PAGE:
At that time, Imam Shafi′i fell into poverty and was obliged to return to Mecca.34 There, some individuals concerned about his condition, appealed to the governor of Yemen to find him an official position, and thus Imam al-Shafi′i was made the governor of the state of Najran in Yemen.
However, during the rule of Harun al-Rashid, Imam al-Shafi′i was accused of leaning towards the Alawiyin35 and the school of Ahlul Bayt, and so he was brought to Baghdad, handcuffed. While he was being held as a prisoner, one of his friends, Muhammad b. al-Hasan al-Shaybani (who was also one of the primary advocates of the Hanafi school of thought for the Abbasid) interceded on his behalf and testified that al- Shafi′i was not on the side of Ahlul Bayt and was completely supportive of the Abbasid government. This testimony resulted in the release of al- Shafi′i, and as a result, he became very close to al-Shaybani and studied under him, learning the opinions (araa) of Abu Hanifah in ra′i (opinion) and qiyas (analogy), both of which Abu Hanifah was well known for.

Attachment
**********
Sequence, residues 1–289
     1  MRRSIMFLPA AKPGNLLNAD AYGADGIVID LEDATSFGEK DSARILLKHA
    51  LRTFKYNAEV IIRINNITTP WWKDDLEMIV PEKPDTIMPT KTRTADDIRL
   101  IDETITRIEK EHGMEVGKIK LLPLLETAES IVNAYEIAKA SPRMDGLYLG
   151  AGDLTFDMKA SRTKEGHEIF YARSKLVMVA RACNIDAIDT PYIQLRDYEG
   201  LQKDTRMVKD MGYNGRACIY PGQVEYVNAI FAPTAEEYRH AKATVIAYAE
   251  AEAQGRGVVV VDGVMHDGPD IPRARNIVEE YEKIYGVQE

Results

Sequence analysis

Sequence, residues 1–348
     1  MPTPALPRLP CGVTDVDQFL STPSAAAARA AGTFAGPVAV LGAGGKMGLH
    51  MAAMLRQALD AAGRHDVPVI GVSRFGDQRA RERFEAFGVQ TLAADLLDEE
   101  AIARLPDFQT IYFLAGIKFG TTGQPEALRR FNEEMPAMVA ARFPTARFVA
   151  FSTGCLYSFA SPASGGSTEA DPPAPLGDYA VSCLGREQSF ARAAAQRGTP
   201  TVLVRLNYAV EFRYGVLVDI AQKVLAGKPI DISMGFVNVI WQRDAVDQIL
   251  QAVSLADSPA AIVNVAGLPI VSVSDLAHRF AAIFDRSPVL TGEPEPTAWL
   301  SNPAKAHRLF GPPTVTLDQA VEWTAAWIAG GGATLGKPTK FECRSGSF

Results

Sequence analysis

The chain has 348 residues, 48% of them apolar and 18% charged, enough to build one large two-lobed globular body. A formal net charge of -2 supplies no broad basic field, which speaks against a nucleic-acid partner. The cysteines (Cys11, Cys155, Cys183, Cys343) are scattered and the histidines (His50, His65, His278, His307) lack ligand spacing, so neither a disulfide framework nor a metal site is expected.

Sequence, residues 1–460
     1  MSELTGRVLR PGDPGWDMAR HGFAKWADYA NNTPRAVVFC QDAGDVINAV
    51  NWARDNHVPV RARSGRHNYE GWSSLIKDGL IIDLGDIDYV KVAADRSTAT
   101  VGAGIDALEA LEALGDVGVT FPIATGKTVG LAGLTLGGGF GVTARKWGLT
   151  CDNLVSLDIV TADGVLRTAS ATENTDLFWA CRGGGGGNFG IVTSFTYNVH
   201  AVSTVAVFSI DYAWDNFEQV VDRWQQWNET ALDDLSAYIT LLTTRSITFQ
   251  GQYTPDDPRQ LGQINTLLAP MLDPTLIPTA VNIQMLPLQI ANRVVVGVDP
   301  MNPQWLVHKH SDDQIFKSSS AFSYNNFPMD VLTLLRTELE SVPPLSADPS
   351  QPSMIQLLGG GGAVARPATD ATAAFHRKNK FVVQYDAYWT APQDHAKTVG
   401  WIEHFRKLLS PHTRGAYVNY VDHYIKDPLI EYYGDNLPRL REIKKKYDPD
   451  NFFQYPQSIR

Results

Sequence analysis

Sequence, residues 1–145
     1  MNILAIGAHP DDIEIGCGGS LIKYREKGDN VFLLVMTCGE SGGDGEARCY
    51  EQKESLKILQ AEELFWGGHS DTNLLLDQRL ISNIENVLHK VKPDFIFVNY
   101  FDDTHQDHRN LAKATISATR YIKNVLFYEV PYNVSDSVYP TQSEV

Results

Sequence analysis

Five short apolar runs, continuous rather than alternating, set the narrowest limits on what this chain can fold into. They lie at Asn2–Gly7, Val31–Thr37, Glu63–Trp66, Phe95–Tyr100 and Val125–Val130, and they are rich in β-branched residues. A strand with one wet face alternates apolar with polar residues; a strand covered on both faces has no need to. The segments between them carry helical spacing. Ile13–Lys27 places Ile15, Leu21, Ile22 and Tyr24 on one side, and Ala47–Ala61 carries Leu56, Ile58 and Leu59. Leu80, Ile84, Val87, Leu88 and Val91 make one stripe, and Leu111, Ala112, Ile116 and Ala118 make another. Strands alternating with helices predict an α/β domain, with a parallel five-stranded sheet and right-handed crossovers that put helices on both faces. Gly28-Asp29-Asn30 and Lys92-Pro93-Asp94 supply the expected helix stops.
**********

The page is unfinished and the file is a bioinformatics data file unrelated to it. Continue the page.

However, the two differed regarding Ahlul Bayt - al-Shafi′i was in fact sympathetic towards their cause, while al-Shaybani was not.36
Out of these two influences: the Maliki school (which can also be referred to as the school of athar (text)) and the Hanafi school, was born the Shafi′i school of thought. In 199 AH, Imam al-Shafi′i moved to Egypt along with Ibn Abdullah al-Abbas, the governor of Egypt. There, his school slowly began to spread. Unfortunately, because he differed on some points with Imam Malik, Imam al-Shafi′i incurred the anger of many of the adherents of the Maliki school in Egypt, and they eventually rioted and killed him.
It is worth noting that al-Bukhari and al-Muslim did not narrate any hadith from al-Shafi′i - not because he was inferior in knowledge, but because he had inclinations towards the school of Ahlul Bayt. He said that Ali b. Ali Talib had the right to leadership at the time over Mu′awiyah and his companions,37 who were the group that began the assault on Islam. He displayed love for Ahlul Bayt and the family of the Prophet and proclaimed, “If anyone who loves the Ahlul Bayt is a rafidi (a rejecter of the three caliphates) then let the whole world witness that I am the first rafidi.” Such statements not only led to his arrest as mentioned before, but also resulted in silencing his books of hadith.